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A number of methods have been used to assess protein quality, but the newest and most comprehensive one (promoted by the Food and Agriculture Organization of the United Nations) is the Digestible Indispensable Amino Acid Score (DIAAS). This method measures the digestibility of individual amino acids by analyzing fecal matter at the end of the small intestine (in contrast to the previous protein ranking standard, the Protein Digestibility Corrected Amino Acid Score [PDCAAS], which measures absorption throughout the digestive system and doesn’t take into account protein absorption by gut bacteria). The DIAAS score is calculated based on individual amino acid digestibility, the original amino acid content of the food, and human amino acid requirements. The higher the score, the higher the protein quality, but generally anything higher than 1 is awesome. While DIAAS scores have been calculated for only a limited number of foods so far, the DIASS for pangas is 1.06 and tilapia is 1.00.
Fish protein has also specifically been linked to improvements in inflammation, metabolic syndrome, osteoporosis, insulin resistance, obesity-related comorbidity and cancer risk. This may be mediated through the gut microbiome. In one rat study comparing fishmeal with soy protein and casein, fish protein led to high levels of butyric acid. In mice, 12 weeks of a diet containing protein from lean seafood (ling, rosefish, cod, wolf fish, and muscle from Canadian scallop) compared to a diet containing a mixture of skinless chicken breast, pork tenderloin, and beef sirloin found that not only was the seafood diet less obesogenic, it also led to higher levels of Bacteroidales and Clostridiales, with the seafood diet leading to greater expression of genes involved in metabolism of aromatic amino acids. Another study comparing protein from fish, chicken, casein, soy, pork, and beef found that the fish protein (along with chicken protein) led to a greater abundance of lactobacilli, higher levels of Firmicutes, and lower levels of Bacteroidetes than the other proteins. See also What Is the Gut Microbiome? And Why Should We Care About It? and Why Fish is Great for the Gut Microbiome.
Vitamins and Minerals in Fish
Fish are not only nutrient-dense sources of highly-digestible complete protein, but they’re outstanding sources of important nutrients in which we are commonly deficient. See also Essential Nutrient Deficiency and Autoimmune Disease and 7 Nutrients You’re Probably Deficient In
Fish is a great source of vitamins B1, B2, B3, B6, B9, B12 and E, zinc, phosphorus, magnesium, iron, copper, potassium and selenium, with oily cold-water fish also providing substantial amounts of vitamin A and vitamin D. Fish with bones remaining, such as canned salmon and sardines, are the best dietary sources of calcium in the food supply. And marine fish are an excellent dietary source of iodine.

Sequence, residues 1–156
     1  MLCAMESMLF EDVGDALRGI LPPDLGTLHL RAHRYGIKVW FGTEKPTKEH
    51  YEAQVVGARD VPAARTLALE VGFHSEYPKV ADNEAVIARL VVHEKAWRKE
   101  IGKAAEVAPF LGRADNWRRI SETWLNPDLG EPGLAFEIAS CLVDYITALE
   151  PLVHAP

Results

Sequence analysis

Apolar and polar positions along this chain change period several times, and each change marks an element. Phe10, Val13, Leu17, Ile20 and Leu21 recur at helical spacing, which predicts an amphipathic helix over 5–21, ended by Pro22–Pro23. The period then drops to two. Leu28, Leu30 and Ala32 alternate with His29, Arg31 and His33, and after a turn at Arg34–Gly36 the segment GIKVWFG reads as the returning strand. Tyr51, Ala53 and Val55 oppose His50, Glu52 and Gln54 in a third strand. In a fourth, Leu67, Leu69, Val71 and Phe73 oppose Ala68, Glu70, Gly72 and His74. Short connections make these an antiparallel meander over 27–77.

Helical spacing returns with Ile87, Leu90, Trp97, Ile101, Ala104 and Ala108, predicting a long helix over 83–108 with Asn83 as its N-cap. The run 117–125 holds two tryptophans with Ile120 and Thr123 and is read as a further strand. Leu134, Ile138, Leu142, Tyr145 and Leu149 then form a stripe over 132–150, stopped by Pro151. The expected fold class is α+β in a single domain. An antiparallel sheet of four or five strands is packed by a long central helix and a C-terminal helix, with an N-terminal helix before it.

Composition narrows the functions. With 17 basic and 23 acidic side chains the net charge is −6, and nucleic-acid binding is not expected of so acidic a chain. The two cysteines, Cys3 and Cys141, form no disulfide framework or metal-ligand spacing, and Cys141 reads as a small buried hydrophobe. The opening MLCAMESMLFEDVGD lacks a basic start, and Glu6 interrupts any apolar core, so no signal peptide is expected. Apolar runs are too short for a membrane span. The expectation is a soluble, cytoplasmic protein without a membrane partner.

Fish in general is a particularly important source of two minerals that can be challenging to get in sufficient quantities from other foods: iodine and selenium.
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Iodine (which is also rich in algae and seaweed) is vital for normal thyroid function but also extremely important for proper immune system function, wound healing, and fertility. Table salt is enriched with iodine due to rampant dietary iodine deficiency in the past (goiters were common before the advent of iodized salt). Since Paleo diets tend to be lower in salt—and many people switch to sea salt, which is not iodized—it is critical to consume food sources of this essential mineral.
Selenium is required for a class of enzymes called selenoenzymes, which are part of the body’s natural protection against oxidants. Selenoenzymes are particularly important for protecting the brain against oxidative damage, but selenium deficiencies are also linked to thyroid disease, cardiovascular disease, and cancer.
Fish is also the best food source of vitamin D, which can also be found in organ meat but is generally hard to obtain from diet alone. People living far from the equator and/or in overcast climates may be particularly susceptible to vitamin D deficiency and incapable of obtaining enough of it through sun exposure, making dietary sources more important. Another way in which fish is an invaluable inclusion in our diet.
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For example, half a filet of wild Atlantic salmon contains 281 calories, 40 grams of protein, 4 grams of omega-3 fatty acids, over 100% of the DV for selenium and vitamin B12, about 80% of the DV for vitamin B6 and Niacin, 44% of the DV for riboflavin, 33% of the DV for pantothenic acid, 30% of the DV for thiamin, a quarter of the DV for potassium and copper, and also some folate, iron, and zinc. One filet of wild trout contains 189 calories, 1.3 milligrams of omega-3 fats, 32 grams of protein, over 100% of the DV for vitamin B12, 43% of the DV for niacin and phosphorus, 32% of the DV for vitamin B6, 29% of the DV for selenium, and some thiamin, riboflavin, folate, pantothenic acid, zinc, calcium, copper, and manganese. And cod contains 189 calories per filet (180 grams of cooked fish), along with 97% of the DV for selenium, 32% of the DV for vitamin B12, 25% of the DV for vitamin B6 and phosphorus, 23% of the DV for niacin, 19% of the DV for magnesium, 13% of the DV for potassium, 11% of the DV for thiamin, and smaller amounts of vitamin E, riboflavin, folate, pantothenic acid, calcium, iron, zinc, copper, and manganese.